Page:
All those pure vanity selfies? Rather, they serve an important personal purpose

That delicious dessert at a restaurant, a trip to the beach or a drink with friends, we take pictures of everything, but of course we don’t always do it the same way: sometimes we want that dessert perfectly, other times you’d rather do a selfie. The researchers discovered that this depends on the purpose of the photo.

When we take a picture of an event from our own perspective, we mainly want to capture the physical experience, but if we choose a picture in which we capture ourselves in the picture, such as a selfie, we want to remember the deeper meaning of the experience. “Not only have we discovered that most people take both types of images in different situations, but we now know that people have different goals for each situation: they want to capture the experience in itself on one occasion and the greater meaning of it in the context,” says lead researcher Zachary Nessi van Di. last. moment in their lives Tübingen University.

photos on Instagram
It doesn’t matter whether people want to share a photo or whether they are using it for private use. “In a previous study that looked at Instagram photos—the ones shared by people—we found an equal number of first-person and third-person photos, and most participants reported posting both types of photos,” Niese explains. Saintias. “So even in situations where people share their photos with others, they are using two different perspectives. People took both types of photos in a way that suited their purpose.”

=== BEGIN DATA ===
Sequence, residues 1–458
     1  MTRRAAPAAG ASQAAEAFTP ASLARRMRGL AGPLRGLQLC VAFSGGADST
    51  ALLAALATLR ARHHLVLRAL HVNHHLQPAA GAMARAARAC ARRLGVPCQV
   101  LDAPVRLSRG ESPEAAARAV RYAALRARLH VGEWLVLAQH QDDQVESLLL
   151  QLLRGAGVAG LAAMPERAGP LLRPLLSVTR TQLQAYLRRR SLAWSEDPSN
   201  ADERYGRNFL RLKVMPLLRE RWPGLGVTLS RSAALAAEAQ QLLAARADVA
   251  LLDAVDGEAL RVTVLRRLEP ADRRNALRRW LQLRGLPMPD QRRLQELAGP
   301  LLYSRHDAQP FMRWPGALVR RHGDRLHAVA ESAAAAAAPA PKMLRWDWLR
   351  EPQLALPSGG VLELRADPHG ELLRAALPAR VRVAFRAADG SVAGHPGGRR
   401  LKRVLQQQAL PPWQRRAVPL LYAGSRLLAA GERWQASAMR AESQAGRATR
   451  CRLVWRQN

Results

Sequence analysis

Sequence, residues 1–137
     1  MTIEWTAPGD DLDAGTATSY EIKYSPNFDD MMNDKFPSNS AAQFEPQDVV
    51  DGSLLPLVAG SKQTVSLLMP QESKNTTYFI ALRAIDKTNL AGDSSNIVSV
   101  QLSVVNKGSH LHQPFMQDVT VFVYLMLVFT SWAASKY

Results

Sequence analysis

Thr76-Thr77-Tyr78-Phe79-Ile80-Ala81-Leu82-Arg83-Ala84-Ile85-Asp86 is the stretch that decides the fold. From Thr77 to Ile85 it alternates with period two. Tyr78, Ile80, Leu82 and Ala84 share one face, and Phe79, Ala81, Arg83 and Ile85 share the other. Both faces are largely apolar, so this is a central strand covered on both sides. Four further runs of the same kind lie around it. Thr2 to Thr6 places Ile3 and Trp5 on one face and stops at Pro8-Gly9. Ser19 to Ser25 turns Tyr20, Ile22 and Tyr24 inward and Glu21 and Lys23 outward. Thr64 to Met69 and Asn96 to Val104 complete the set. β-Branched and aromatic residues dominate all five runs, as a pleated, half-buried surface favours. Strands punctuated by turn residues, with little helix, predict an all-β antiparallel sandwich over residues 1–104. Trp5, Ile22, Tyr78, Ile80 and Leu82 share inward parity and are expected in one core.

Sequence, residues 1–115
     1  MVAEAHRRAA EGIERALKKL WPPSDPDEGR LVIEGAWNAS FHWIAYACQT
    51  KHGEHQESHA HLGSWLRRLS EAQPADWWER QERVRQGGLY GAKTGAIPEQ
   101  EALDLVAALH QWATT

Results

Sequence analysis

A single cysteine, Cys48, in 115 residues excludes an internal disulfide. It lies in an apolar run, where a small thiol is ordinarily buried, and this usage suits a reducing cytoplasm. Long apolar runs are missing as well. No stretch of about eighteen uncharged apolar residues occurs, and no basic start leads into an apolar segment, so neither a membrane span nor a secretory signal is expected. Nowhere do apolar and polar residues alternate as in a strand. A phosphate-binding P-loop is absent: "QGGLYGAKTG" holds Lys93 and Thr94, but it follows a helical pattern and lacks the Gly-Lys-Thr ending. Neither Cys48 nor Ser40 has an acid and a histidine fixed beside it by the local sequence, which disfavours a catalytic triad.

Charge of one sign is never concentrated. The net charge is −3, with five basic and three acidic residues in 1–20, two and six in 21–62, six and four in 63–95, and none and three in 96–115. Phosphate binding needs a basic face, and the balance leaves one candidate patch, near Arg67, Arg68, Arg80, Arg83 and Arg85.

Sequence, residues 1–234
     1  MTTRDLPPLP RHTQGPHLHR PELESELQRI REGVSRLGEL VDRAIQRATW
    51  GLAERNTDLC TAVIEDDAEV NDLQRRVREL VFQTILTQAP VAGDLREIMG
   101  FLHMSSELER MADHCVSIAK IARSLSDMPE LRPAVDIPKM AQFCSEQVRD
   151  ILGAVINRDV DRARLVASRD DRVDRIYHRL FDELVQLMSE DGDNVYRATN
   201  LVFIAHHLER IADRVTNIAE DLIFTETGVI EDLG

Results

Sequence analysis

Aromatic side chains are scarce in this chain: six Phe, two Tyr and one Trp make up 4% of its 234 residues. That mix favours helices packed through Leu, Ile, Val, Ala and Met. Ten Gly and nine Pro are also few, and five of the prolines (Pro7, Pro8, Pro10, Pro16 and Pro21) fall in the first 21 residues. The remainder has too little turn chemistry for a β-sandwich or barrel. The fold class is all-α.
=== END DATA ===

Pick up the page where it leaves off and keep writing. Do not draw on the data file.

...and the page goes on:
Make memories
If people want to capture the meaning or deeper meaning of an event, they take a third person photo, where they are standing themselves. When they look at those pictures, they are also reminded of the meaning more than when they look at the pictures from the first person, according to Six studies With a total of 2100 participants. They also liked their photos better if the perspective matched the purpose of the photo.

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Third person image to capture the deeper meaning of the experience. Photo: Maridav

The researchers found this surprising. “It was interesting to discover that people decided intuitively each day which perspective best suited the purpose of the photo, capturing the physical experience or the greater meaning of a moment in their life. And they tended to choose the perspective that matched what our study recommended. But what surprised me most was that This was also related to how much people liked the photo afterwards. If people took a photo from a perspective that better suited their purpose, they liked the photo better.”

Create a self-portrait
We don’t take all these pictures for nothing. “Taking and sharing pictures is part of everyday life for many people. While the many images in our popular culture are sometimes mocked, portraits help you reconnect with past events and build your own life story,” explains Nessi.